Use some good quality plant food mixed in the water and pour it in slowly. The excess solution will drain into the reservoir between the boxes and keep the system properly damp. Do not add so much that liquid rises into the upper box. Good air flow is needed to keep the roots healthy. Add more solution as needed and keep the box in light appropriate to the type of plants. Enjoy your easy to care for winter garden. Since the plants do not have to struggle to find needed nutrients, more energy goes to growth. Soil borne disease is eliminated, as well as many pest problems. Next summer may see you expanding to bigger and better hydroponic systems.
Want To Grow Fish This Coming Spring?
Well, that means plenty of involvement this winter. There's plenty of planning to do.
The first plan needs to be a business plan; a clear picture of what your goals are. Even if you're the only one involved, you owe it to yourself to have a master plan, without it success will be doubtful. Any venture involving money is a business venture and requires sure-footed planning.
Make sure that you will have enough money to accomplish your goal. Once the fish are in the water, it's too late to turn back.Watch out for all the hidden cost. There are deposits on electric, changing feed prices, breakdowns, extra cost due to the unseen, caused by the lack of experience.
Pick a species that comes recommended or one with extensive research done by larger farms or universities. Make sure there is a strong market for your product and that you have them sold before you even start. You wouldn't want to get stuck with them at the end or take less than they are worth? Do everything right; get your proper permits, to dig, to grow, to trap, etc., anyone of these reasons would be shortsighted and result in failure.
Contact JJ Newman at the County Extension Service and NHAA for insight and direction. Talk to fish farmers, they have good hands on experience. If you're just growing for fun or for your table, a little research will still ensure success, keeping it interesting, and probably on going.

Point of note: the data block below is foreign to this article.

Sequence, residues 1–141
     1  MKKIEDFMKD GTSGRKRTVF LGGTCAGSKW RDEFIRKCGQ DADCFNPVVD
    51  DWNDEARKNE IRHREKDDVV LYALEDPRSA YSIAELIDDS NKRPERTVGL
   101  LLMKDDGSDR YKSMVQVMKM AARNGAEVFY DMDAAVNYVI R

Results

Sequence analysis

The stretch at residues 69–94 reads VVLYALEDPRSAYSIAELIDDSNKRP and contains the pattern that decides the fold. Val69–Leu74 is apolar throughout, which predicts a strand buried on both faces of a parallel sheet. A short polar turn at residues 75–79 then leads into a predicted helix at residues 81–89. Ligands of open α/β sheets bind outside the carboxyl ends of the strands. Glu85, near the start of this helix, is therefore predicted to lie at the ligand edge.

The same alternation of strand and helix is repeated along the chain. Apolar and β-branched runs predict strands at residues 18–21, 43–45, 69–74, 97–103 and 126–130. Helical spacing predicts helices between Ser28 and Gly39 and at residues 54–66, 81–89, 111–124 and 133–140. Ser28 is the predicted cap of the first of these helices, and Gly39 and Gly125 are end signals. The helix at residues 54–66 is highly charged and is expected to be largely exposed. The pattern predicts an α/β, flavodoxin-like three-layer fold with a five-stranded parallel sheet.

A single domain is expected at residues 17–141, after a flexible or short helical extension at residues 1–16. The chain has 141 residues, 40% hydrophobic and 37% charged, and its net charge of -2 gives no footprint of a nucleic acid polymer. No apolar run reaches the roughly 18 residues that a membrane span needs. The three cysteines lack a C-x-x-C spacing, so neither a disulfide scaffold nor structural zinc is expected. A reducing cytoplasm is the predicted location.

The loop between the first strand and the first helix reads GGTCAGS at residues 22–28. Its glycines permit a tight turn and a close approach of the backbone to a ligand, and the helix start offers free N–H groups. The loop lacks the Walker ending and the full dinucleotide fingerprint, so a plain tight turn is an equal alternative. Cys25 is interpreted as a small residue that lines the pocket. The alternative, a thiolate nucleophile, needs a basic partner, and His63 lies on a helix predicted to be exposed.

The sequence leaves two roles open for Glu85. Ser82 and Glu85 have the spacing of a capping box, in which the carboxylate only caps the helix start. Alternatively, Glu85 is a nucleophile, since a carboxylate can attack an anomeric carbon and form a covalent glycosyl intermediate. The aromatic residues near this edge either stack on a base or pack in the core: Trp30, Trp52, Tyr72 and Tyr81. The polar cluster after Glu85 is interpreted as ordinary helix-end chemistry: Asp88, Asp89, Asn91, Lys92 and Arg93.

Remember there are probably no get rich over night businesses out there, certainly aquaculture is not one of them. Be certain you make sure-footed steps, calling on experienced people.
Aquaculture is about keeping records, being organized, being devoted, and a slow moneymaker. It is done for love of labor and the field itself. Much of the time it's enjoyable work, with small rewards in comparison. Believe it or not, I am not trying to discourage anyone. In fact I'm trying to encourage you to do it, but do it right. It's fun, but not easy. Plan now for your spring ventures.
The Dumb Ones - don't learn from their mistakes.
by Bob Fawcett (NH Dept. Fish and Game)
Caused by Orthomyxovirus
EXOTIC = NOT FOUND IN USA UNTIL The first case was reported in Maine on February 15, 2001
First detected in Norway in 1984, and has always been managed by eradication. [Norway, Scotland and Canada] In Canada the disease was present as early as June of 1996, not identified as ISA virus until September 1997. 1999 it raged through the salmon aquaculture industry causing nearly $20 million in slowed growth and fish deaths that year alone.
Mortality is variable; mean mortality has been 12% over a 60-day period, but has been as high as 3% per day in some cases.
Transmission occurs from fish to fish by contact with infected fish, with parts from infected fish (including mucus, blood, feces, viscera, trimmings, muscle), or with equipment contaminated with parts from infected fish.
Industry has been reliant on disinffection protocols, husbandry practices and eradication to control the spread of disease. Canadians began vaccinating smolts with autogenous vaccine in the winter of 1998.
AUTOGENOUS vaccine - for the ISA virus from the herd of origin in Bay of Fundy - must be prepared from cultures of microorganisms,which have been inactivated and are nontoxic. Use by or under the direction of a veterinarian under a veterinarian-client-patient relationship, after product license from the Center for Veterinary Biologics, and the state veterinarian
MULTIVALENT vaccine - for the ISA virus found in Scotland etc. The vaccine must be administered and be working to maximum efficiency before the young salmon leave the hatchery for their sea cages.
USDA licenses all vaccines under the ěSerum Biologics Actî. There are issues: What if fish are vaccinated outside the USA to be imported, the vaccine used was approved by the other country but is not approved for use in the USA? [The latest example of that is vaccination for ISA-virus in Canada or Scotland.]